The play was published in 1983 in The Early Ayn Rand. The new publication contains the novelization which preceded the play—and which is substantially less polished—as well as a reprint of the play. The oddity, then, is that the “new” work is in rougher shape than is the previously published version of the work.

What, then, is the purpose of publishing an older version of the same basic story? Leonard Peikoff, Ayn Rand’s heir, suggests two main reasons in his introduction to the new work. First, a publication of one of Ayn Rand’s earliest works, and in two different versions at that, may offer valuable insights into her intellectual and literary development. Second, a novel offers a reader a complete, self-contained experience in a way that a play cannot.

On this latter point, Peikoff explains:

By itself, a script is not a work of art or a genre of literature. Novel and play alike, being complete, enable you fully to enter and experience the world they create. But the script by itself does not: it omits the essence in this context of literary art; it is written for perception (to be heard from a cast of actors seen on a stage), yet by itself it is detached from any such perception.

As an indication of just how substantially Rand revised the play relative to the preliminary novel, consider Peikoff’s description of a section:

In Chapter 3 of the novel, the central character is Jeremiah Sliney, an ignorant, dialect-speaking farmer. On her typescript, even before she started the play, AR slashed out the whole chapter, with ruthless lines signifying emphatic rejection. . . . Dropping Sliney from the play, she instead took the name of a son-in-law of his, who had been an incidental character, and made him the scene’s central character. In this reincarnation, Chuck Fink [the new character] has an ideological identity: he is a member of the Communist Party.

By any standard, that is a major change. Yet the “new” publication contains the original text, despite Rand’s rejection of it. Peikoff writes, “Despite [Rand]’s deletion of Slinky, I have left him in the novel just as he was in its first draft.” Peikoff puts readers on notice, then, that this novelization does not reflect a polished, final work that Rand herself approved. Rather, it reflects a work in progress.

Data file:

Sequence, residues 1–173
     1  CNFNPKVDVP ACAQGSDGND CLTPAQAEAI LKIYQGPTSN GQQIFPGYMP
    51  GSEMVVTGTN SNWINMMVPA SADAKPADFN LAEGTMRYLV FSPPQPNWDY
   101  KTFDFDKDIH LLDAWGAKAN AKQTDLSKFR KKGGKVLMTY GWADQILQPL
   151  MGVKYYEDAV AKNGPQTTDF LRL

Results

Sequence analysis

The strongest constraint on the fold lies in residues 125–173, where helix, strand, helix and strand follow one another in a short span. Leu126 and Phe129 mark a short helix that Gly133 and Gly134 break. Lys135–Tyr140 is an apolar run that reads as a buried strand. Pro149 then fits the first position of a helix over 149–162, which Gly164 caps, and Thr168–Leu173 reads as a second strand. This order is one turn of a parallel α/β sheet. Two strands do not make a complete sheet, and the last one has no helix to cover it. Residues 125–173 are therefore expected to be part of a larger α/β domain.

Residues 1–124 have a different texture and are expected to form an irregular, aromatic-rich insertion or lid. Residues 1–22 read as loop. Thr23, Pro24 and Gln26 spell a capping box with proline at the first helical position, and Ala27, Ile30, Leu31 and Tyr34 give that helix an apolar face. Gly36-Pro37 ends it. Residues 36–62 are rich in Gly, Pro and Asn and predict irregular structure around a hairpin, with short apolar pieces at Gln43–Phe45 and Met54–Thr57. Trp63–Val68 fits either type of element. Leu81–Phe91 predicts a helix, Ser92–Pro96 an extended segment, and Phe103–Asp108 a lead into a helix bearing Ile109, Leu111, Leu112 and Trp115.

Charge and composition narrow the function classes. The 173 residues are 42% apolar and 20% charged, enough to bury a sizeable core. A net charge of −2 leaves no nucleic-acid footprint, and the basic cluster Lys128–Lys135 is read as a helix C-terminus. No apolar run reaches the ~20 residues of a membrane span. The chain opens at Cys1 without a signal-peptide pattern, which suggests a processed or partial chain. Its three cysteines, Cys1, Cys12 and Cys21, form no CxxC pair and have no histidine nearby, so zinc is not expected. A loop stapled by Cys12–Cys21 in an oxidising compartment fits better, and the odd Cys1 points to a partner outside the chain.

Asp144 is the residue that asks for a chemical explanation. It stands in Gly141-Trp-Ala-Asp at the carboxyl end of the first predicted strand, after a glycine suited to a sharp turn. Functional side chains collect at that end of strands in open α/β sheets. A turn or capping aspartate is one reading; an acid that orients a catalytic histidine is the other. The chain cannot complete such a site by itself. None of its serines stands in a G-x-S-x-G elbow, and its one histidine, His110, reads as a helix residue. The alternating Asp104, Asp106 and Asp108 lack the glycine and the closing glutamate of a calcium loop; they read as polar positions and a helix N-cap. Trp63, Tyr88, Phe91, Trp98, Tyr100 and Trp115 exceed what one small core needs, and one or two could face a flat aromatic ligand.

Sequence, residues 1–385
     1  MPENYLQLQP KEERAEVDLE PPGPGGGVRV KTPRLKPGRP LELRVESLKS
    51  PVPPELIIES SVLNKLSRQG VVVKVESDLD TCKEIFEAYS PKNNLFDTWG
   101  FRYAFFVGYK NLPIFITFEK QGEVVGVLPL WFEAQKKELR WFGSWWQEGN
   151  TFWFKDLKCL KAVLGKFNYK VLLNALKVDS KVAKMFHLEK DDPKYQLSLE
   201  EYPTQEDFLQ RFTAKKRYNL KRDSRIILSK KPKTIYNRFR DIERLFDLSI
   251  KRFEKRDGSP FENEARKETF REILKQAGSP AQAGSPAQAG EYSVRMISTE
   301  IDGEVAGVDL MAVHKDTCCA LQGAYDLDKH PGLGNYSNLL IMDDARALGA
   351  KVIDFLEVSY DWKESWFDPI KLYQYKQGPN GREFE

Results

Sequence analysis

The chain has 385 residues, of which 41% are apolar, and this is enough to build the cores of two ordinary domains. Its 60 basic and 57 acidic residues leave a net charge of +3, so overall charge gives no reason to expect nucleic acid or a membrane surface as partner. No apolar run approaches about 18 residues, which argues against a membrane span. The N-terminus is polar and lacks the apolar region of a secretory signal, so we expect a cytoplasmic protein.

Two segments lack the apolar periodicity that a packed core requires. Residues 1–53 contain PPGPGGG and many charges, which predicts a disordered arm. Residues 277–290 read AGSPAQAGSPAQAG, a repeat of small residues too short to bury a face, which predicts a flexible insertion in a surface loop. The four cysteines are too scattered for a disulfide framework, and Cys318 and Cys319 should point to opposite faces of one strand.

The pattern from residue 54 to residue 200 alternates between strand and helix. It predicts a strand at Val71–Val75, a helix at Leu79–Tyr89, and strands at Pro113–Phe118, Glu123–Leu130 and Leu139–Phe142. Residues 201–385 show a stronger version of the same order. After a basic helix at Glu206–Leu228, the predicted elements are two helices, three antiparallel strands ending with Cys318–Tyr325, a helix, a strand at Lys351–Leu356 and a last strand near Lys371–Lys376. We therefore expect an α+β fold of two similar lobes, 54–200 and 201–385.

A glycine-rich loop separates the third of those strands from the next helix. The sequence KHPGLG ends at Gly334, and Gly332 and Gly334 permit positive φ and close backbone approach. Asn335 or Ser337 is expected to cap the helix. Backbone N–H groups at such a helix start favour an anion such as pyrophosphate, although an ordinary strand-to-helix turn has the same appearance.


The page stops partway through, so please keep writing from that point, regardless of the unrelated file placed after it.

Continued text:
Why did Rand develop the material into a play rather than into a revised novel? I had assumed that the reason had something to do with Rand’s anticipation of getting a play produced. But Peikoff suggests literary reasons. First, Peikoff suggests, the beauty of the central character is integral to the story, and that is probably better shown than described. Second, the play format seems to have allowed Rand to introduce a wide array of minor characters more perceptually and therefore more briskly.

What is Ideal about? Peikoff offers a good summary in notes published with the 1983 version:

[Ideal is] a story in which a famous actress, so beautiful that she comes to represent to men the embodiment of their deepest ideals, actually enters the lives of her admirers. She comes in a context suggesting that she is in grave danger. Until this point, her worshippers have professed their reverence for her—in words, which cost them nothing. Now, however, she is no longer a distant dream, but a reality demanding action on their part, or betrayal.

“The theme is the evil of divorcing ideals from life,” Peikoff writes there.

That is a theme well worth contemplating in novel form, even if the novel in question does not reflect Ayn Rand in mature literary form.

Oh, You Mean Ayn Rand Wasn’t a Rawlsian?

Image: Michael Greene
Image: Michael Greene

As John McCaskey reviews, various libertarians today are explicitly egalitarian in the vein of John Rawls. One such libertarian is John Tomasi, who claims that even “avowedly egoistic defenses of libertarianism [such as Ayn Rand advocated] recognize the moral imperative that material benefits of social cooperation reach the least well-off class.” This is as quoted by Don Watkins in his article today for the Ayn Rand Institute.

Watkins offers a pretty good summary of why Rand was not Rawlsian, even implicitly, even a little. (As an aside, she was not a libertarian, either, and did not consider herself to be one.) He writes:

Rand would say we shouldn’t evaluate institutions by how they affect any group. It’s wrong, she thinks, to approach political questions by thinking in collectivist terms like “the rich,” “the poor,” or “society.” The question is not which social system benefits which groups, but which social system is geared toward the life of an individual human being.

Of course, when government protects each individual’s rights to think and act by his own judgment, the outcome is a prosperous society that can benefit everyone—including the least-wealthy people living in it. It should come as no surprise that what’s good for individuals is good for individuals considered as a group.